I found the helping hands/rig vital to keep things still while soldering. I used 60/40 solder and a fine tip soldering iron - around 30w was sufficient. The desolder wire was very useful.

    Your tips about applying some solder on the contacts was good, and also tinned some the tips. I used the solder with one hand and the other hand, I used a pair of tweezers to hold the wire in place. Tweezers were very helpful. I would directly apply the solder tip to the wire and it would solder on nice and neat. It was getting tight with some of the wires to reach the contacts, sometimes I had to slightly pull, but also thread the wires around others to minimise the distance - tweezers were very helpful. I guess prevention is the key, and keeping all wires the same length, and stripping them consistently is vital.

    To identify which color wires goes to which end, I used the cut end of the broken hdmi connector, and stripped the end of the broken wires. I then used the multimeter to confirm which wire went to which contact (often the wires are hard to distinguish).

    I connected all the data shield wires and even grounded the outer foil cover to the hdmi connector ( just copied the broken end hdmi connector )

    I used the glue gun to insulate all the wires, very useful as I didn't strip the wires very evenly, and risk having the wires contact. Very good tip.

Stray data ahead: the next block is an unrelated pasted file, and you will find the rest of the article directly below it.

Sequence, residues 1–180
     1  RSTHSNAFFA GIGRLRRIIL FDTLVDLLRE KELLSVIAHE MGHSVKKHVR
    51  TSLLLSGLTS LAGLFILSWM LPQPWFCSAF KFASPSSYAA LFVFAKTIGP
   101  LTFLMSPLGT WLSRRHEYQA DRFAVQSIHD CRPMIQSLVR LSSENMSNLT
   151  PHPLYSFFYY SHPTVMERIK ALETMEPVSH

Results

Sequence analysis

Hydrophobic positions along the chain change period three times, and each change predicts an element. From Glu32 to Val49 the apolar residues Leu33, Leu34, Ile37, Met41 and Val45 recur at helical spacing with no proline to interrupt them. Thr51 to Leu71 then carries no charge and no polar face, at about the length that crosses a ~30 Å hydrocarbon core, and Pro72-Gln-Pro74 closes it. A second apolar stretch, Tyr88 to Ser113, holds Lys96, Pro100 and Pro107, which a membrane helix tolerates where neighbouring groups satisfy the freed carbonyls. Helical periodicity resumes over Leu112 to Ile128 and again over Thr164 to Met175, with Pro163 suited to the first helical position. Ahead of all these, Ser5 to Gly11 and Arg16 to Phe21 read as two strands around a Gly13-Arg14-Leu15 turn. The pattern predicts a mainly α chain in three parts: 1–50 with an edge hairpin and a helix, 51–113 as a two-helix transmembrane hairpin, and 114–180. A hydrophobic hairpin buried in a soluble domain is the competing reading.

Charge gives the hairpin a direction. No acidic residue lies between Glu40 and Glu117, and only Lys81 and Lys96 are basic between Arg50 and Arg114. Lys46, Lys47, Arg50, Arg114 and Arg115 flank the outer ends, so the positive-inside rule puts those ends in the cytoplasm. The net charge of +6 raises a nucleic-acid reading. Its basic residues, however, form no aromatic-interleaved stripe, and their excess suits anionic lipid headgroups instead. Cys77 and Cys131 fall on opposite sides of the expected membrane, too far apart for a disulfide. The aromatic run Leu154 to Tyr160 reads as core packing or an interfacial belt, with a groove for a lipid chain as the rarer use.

I will use the female-female hdmi connector and extra hdmi connector to prevent fiddling around with the new head connector I added.

    Many thanks again for the clear instructions

    Hi Mboy1,

    Thank you so much for your comment on this.
    I am happy you we're able to fix your HDMI cable using these instructions, that is the biggest reason I put them up here.
    Also thank you for your detailed email here, I usually don't get so much feedback on this.
    Sorry for responding so late but I really do appreciate your comment.

    Happy TV watching, with regards, Ewout...

    Hi, just wanted to say thank you for the simple and yet illustrated instructions.


    But ones the cable is cut

    But once the cable is cut

    really helpful instructions! I'm going to try it my self next week. There's just one part I don't get.. When you measure the resistance "to know which Connection is going where", where do you place the other end of the multimeter? You place one end with the small test wire connected to the working end of the cable, but what about the other end? How do you close the circuit? Feels like I'm missing something here...